Do you ever feel like you're busting your butt in the gym, eating correctly, and it's not paying off?
Don't get discouraged, because this happens to the best of us. It's called a PLATEAU.
This generally occurs after a few months on the same exercise routine. In the beginning your body responds to your routine with lost pounds and gained muscle tone, then all of a sudden everything just... stops.
When this happens, we become frustrated and often times can give up. Why do plateaus happen? How can we stop it from occurring?
First things first, you must know that your muscles adapt quickly to anything routine. Your body is like a computer. You have to reprogram it after a while. You can't keep doing the same thing over and over expecting a different outcome.
Your body is bored, and it's time to do something different.
The problem: Your muscles have adapted to your routine. The Solution: Apply muscle confusion.
Muscle confusion is a way to keep your body guessing by changing your routine.
Here are four awesome tips to help keep your body going and the results consistent!
Tip #1: Use a Drop Set
Drop sets are often used to fight off exercise plateaus. This technique is great for increasing muscle strength, endurance and for adding to the cardiovascular benefit of your workout – which results in more fat burn.
This is how to do a drop set: When you perform an exercise to exhaustion, don’t stop there. Drop the weight by 80% and do another set.
You could take it a step further by dropping the weight twice, making it a double drop. Or drop the weight three times for a descending drop set. Use this technique only once or twice per workout, on the final set of the exercise.
Tip #2: Focus on Negatives
Each time that you do a weight lifting repetition you are using three types of strength.
- Positive strength: lifting the weight.
- Static strength: holding weight in a contracted position.
- Negative strength: lowering the weight.
Most people completely miss the benefit of the negative in each repetition by allowing the weight to drop quickly with little control. It is understood that the negative portion of each repetition is just as important as the positive portion, possibly more important.
Focus on the negative portion of each repetition by lowering the weight very slowly. Concentrate on the negative contraction, and make each repetition count.
If you are advanced, then use a training partner to assist you in moving heavier-than-normal weight into a contracted position, then lower it very slowly.
Another way to utilize negative repetitions on a machine is to lift the weight using two limbs but then lower it with just one. For example, use both legs to lift the weight on a leg extension machine, but then lower it back down slowly using only one leg.
Tip #3: Use Active Rest
Every minute of your workout is an opportunity to increase intensity and to burn more fat. Don’t waste precious minutes with long rest periods.
While it is important to catch your breath if you feel winded, most of the time you would benefit more from an active rest. Do one of the following activities for 30 seconds between exercises and turn your regular workout into High Intensity Interval Training.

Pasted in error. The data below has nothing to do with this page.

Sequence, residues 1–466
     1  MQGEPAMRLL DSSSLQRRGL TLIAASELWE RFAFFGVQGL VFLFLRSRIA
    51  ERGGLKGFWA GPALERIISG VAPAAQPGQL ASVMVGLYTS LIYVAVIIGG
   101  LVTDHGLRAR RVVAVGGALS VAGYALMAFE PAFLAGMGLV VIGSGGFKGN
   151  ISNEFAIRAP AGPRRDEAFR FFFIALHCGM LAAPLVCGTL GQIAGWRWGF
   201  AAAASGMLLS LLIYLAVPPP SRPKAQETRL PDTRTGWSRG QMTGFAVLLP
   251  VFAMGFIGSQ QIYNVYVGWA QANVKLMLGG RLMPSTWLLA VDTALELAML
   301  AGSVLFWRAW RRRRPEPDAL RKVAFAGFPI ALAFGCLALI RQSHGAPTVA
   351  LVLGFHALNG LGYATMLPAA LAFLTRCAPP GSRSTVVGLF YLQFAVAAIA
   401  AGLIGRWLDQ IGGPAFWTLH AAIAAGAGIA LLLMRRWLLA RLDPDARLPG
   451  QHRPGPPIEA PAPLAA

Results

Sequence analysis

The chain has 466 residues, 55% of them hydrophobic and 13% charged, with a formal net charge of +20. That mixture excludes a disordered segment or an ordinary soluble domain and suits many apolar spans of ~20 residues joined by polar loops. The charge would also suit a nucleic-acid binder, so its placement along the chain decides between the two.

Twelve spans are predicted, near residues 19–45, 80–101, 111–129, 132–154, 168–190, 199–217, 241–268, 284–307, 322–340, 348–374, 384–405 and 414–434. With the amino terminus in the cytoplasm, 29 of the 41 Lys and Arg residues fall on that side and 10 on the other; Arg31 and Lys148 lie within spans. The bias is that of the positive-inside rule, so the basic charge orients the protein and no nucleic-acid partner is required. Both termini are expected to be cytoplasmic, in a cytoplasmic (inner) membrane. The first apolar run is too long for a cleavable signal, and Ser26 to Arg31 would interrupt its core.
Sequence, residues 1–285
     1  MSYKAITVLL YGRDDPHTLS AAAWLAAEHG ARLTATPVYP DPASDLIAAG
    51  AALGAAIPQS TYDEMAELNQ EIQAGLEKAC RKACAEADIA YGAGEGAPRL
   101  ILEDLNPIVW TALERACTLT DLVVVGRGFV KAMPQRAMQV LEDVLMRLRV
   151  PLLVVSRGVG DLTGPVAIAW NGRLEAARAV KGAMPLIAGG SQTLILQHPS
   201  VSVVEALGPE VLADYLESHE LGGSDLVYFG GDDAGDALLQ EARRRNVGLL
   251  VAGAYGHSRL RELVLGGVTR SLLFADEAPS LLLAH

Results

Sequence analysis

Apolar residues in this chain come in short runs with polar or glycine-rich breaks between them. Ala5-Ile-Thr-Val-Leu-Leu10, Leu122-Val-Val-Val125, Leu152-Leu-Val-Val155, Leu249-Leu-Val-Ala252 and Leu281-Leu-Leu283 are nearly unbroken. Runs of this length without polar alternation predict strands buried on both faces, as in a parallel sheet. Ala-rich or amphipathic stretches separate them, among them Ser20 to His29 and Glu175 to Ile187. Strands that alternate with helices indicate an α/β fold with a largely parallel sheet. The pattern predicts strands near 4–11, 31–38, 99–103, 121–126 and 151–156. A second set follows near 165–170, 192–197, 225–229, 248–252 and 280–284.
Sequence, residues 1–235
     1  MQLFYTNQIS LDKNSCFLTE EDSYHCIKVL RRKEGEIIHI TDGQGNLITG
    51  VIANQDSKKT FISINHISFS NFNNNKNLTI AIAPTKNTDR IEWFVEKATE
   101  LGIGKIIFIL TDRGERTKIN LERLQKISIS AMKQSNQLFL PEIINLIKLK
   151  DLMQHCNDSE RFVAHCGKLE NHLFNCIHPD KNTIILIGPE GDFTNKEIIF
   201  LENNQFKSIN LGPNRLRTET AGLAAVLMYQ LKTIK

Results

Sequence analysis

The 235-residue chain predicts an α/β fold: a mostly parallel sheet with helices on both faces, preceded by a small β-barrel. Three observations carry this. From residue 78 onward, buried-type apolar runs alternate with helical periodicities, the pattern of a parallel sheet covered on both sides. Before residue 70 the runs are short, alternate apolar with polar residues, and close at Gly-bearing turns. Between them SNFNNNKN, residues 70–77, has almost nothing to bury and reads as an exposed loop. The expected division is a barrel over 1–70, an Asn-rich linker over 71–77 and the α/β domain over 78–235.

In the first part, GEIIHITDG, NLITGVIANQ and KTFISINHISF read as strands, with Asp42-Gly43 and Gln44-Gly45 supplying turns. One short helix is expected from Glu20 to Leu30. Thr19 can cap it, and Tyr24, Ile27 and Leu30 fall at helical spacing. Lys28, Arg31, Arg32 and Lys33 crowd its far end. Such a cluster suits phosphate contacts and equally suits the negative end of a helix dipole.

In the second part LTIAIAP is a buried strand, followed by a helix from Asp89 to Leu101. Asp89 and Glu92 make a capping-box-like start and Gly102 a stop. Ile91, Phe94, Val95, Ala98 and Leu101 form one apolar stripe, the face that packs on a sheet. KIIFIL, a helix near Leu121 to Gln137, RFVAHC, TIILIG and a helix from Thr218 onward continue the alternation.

- High Knees with Alternating Punches: Alternately bring each knee high to your chest in a quick jumping movement while alternating forward punches at shoulder level.
- Burpees: Start in a sanding position and bend at the waist. Once your hands hit the floor, push your entire body back, extending your legs until they’re straight and you’re in the push-up position. Go down for a push-up, and when you push yourself up, jump slightly to bring your feet back near your hands. Finally, jump in the air with your arms fully extended over your head.
- Side-to-Side Jumps on Bench: Stand on one side of an exercise bench. Place the foot closest up onto the bench, jump up and switch feet, then land on the opposite side of the bench.
- Mountain Climbers: Place your hands wider than shoulder-width apart on the ground in a push-up position. Bring one knee to your chest and then back to the starting position, alternate each leg quickly.
- Side-to-Side Ab Twists: With feet close together, jump and twist your legs left to right – holding your abs tight. Keep a bend in your knees and swing your upper arms with each twist.
- Jump Lunges with Pop Squat: Start in a lunge position, lunge down then quickly jump up, switching your leg position in midair, land in an opposite leg lunge. Once you’ve done both legs, jump straight into a squat.
- Medicine Ball Squat Jumps: With feet wider than shoulder-width apart hold a medicine ball at chest level. Squat down until your knees are at a 90 degree angle. Explosively jump up, raising the medicine ball straight over your head.
Tip #4: Modify the Exercise There are certain exercises that are considered ‘staples’ in the gym.
The squat. The lunge. The chest press. The shoulder press. The bicep curl. You get the idea…
While you shouldn’t throw these exercises out the window, find creative ways to modify the familiar motion in order to challenge your muscles. Try these exercise modifications:
- Squat on a Bosu ball or balance board
- Place a weighted bar across your shoulders and do walking lunges
- Use an exercise ball for chest presses instead of the bench
- Do a full squat between each repetition of shoulder presses
- Do a shoulder press between each repetition of bicep curls
Following the above along with eating right, is the true definition and formula for BODIED!